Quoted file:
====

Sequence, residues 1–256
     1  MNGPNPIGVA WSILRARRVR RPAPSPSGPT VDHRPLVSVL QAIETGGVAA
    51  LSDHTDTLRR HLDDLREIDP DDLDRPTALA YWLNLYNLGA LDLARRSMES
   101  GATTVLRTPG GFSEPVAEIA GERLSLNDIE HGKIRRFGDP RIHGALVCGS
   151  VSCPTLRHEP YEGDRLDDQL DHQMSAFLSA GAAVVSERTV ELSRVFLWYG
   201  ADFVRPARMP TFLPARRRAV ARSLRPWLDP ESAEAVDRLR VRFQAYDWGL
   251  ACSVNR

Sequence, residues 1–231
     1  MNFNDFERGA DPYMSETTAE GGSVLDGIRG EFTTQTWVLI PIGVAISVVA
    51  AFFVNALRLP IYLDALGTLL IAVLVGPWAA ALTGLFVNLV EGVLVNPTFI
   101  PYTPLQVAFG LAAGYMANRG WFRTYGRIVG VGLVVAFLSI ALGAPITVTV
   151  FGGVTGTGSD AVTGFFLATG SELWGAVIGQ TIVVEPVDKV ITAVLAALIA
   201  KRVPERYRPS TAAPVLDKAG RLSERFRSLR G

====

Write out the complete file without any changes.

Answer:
Sequence, residues 1–256
     1  MNGPNPIGVA WSILRARRVR RPAPSPSGPT VDHRPLVSVL QAIETGGVAA
    51  LSDHTDTLRR HLDDLREIDP DDLDRPTALA YWLNLYNLGA LDLARRSMES
   101  GATTVLRTPG GFSEPVAEIA GERLSLNDIE HGKIRRFGDP RIHGALVCGS
   151  VSCPTLRHEP YEGDRLDDQL DHQMSAFLSA GAAVVSERTV ELSRVFLWYG
   201  ADFVRPARMP TFLPARRRAV ARSLRPWLDP ESAEAVDRLR VRFQAYDWGL
   251  ACSVNR

Sequence, residues 1–231
     1  MNFNDFERGA DPYMSETTAE GGSVLDGIRG EFTTQTWVLI PIGVAISVVA
    51  AFFVNALRLP IYLDALGTLL IAVLVGPWAA ALTGLFVNLV EGVLVNPTFI
   101  PYTPLQVAFG LAAGYMANRG WFRTYGRIVG VGLVVAFLSI ALGAPITVTV
   151  FGGVTGTGSD AVTGFFLATG SELWGAVIGQ TIVVEPVDKV ITAVLAALIA
   201  KRVPERYRPS TAAPVLDKAG RLSERFRSLR G